Tuesday, February 15, 2011

Rebecca's Risotto

Nature and nurture are intricately woven to produce the complex array of the phenotypic manifestations of our genotypic characteristics, on the microcosmic and the macrocosmic strata. As much as I sometimes wish culinary skills were a simple matter of Mendelian inheritance laws (with myself on the lucky side of the Punnett square, naturally), the truth is these skills are cultivated with an upbringing founded on food appreciation, family dinners, and good old fashioned trial and error. My mother and my older sister Elizabeth are both fabulous cooks, however, for each, this was not always the case; their cooking was practiced and honed, the craft developed, as opposed to immediately accessible. Since graduating and being out on my own, I, too, have made an effort to practice in the kitchen, but have found that cooking and eating alone are occasionally insurmountable barriers to epicurean explorations. Dining, and the preparation that precedes it, is an inherently social activity for me, and though I enjoy a delicious meal, with a delicious wine, I always feel something is missing without either family or friends to join me.

Although this sentiment often leads to me just snacking on some carrots and hummus, or some cereal, after hours in my mock-cubicle in the office, I have been making a general concerted effort to eat well, so I feel I live well. I have been missing the farmer's market and its local wonders, but despite this absence, I am attempting to keep warm in the bitter cold weather with some hearty recipes. Pretty much, if it involves copious amounts of cheese, then I am pleasantly satisfied, so some risotto seemed like a natural decision. I would love to take credit for this risotto recipe, because it is pretty simple and amazingly delectable, but it belongs to my best friend, Rebecca, the English graduate student at Brown (great cook and a smart cookie, faceted and dynamic dame).

1/4 of a large white or yellow onion (about 1/2 cup or so when finely diced)
1 tablespoon or so (I use some more) butter
1 cup arborio rice
1 cup white wine (Rebecca proposed Sauvignon Blanc, I used a Riesling)
3 to 4 cups chicken stock
salt, pepper, and other seasonings, to taste
1/4 to 1/2 cup cheese, to taste, or 1/4 cup heavy cream
other fun surprises
When I decided to prepare this last Sunday evening, I used pear and a basic soft goat cheese; some other possible ingredient combinations include: roasted squash and manchego; mushroom; strawberries and goat cheese; sun dried tomato and ricotta; parmesan, squash, and sausage. Honestly, just depends on the season and produce availability. According to Rebecca, avoid garlic, at all costs; it overpowers the rice and just ruins everything.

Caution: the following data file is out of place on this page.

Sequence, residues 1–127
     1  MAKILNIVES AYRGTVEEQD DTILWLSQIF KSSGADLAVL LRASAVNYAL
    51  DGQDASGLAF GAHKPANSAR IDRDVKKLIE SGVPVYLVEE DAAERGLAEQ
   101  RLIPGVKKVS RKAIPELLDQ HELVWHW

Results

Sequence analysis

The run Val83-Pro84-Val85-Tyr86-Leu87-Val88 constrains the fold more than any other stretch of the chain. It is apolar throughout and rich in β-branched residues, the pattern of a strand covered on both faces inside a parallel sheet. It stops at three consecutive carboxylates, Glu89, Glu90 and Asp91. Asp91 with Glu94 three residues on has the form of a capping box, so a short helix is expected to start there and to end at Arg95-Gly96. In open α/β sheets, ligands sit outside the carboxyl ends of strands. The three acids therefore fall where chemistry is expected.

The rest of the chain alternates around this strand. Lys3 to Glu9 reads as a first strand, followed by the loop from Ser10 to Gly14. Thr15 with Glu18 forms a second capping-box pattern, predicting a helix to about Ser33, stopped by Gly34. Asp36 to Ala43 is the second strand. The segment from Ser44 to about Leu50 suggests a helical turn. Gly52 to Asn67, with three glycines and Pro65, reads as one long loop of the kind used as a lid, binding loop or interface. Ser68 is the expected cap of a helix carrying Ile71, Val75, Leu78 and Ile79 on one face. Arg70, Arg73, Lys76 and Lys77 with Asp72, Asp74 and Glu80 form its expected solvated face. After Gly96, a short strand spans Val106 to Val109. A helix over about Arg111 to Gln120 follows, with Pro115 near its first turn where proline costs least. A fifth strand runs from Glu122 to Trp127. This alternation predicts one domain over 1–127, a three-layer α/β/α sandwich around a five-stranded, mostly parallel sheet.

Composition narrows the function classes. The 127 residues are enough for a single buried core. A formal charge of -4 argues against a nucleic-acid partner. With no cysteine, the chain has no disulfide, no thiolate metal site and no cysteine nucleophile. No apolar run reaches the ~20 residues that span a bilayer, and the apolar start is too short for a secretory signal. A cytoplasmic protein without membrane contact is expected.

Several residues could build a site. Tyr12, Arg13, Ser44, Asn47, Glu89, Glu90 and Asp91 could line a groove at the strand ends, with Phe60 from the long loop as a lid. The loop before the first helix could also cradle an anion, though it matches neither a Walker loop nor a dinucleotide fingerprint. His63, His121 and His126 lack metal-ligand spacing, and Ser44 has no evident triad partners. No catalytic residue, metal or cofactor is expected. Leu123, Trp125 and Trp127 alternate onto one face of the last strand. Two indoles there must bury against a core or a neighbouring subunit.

First, I sauteed my pears in some butter and some cinnamon, mostly to soften the pears, then set these off to the side for later. I tried to slice the pear in bite chunks, so that it would stay hearty when stirred in the rice, but would be chew manageable.

Here is my white onion, finely diced; this gets thrown into the pot first, with the butter, and is allowed to soften up a bit and create a nice juicy base. I then added some salt and pepper to season the onion-butter base a bit.

Rebecca advised plenty of both white wine and chicken stock; she explained that the primary risotto folly is not enough liquid.

After the diced onion is sufficiently soft, add the arborio rice; I kept the pot on a medium to high flame, though I have a gas stove that is rather stubborn and mostly out of control, so maintaining medium heat can be difficult for me. It is generally all or nothing with that stove top, so I have learned to dance about around that.

When the rice becomes translucent, which will take about two minutes add the white wine, being sure to stir the rice-onion mixture constantly.

After some stirring, add the chicken stock, about 1/2 cup at a time, stirring constantly before, during, and following each addition. The risotto should cook, with plenty of vigorous stirring and chicken stock additions, until the rice is soft and is still in separate grains, loose enough to be able to spread on a plate. For a cup of rice, this process will take approximately twenty or thirty minutes. Your biceps and the hateful underarm flap, I am sure, will thank you kindly and vehemently; spring and sleeveless are just around the corner. On second thought, though, consuming cheese-filled risotto may counteract any potential calorie-burning benefits of the preparation. Fear not, that corner is maybe only vaguely in sight; eat up and enjoy.

After adding all the chicken stock, again about three to four cups, stir in whatever ingredients you wish; above, I added the cinnamon pear bites. Stir for about two minutes, to incorporate the flavors.

Finally, stir in the desired amount of cheese or cream, making sure well incorporated. Again, I used a soft goat cheese with my cinnamon pear, a classic pairing. Brilliant pun.

My first foray with solo risotto making was a success; the perfect tasty touch to a lazy Sunday evening. I will definitely be returning to this recipe, really just a guide for proportions, and probably will be working in some sausage next time around.

On another, more musical and not even tangential note, I have recently been re-discovering the Cocteau Twins; amazing decision on my part, and a haunting break from my typical schedule of early big band jazz and 1960s girl pop (though, cannot go wrong with those genres, at all, obviously, thus their heavy rotation in the soundtrack of my life). Pandora told me today that there is a Cocteau Twins holiday station; naturally, I find this intriguing. Until next Christmas, I suppose.

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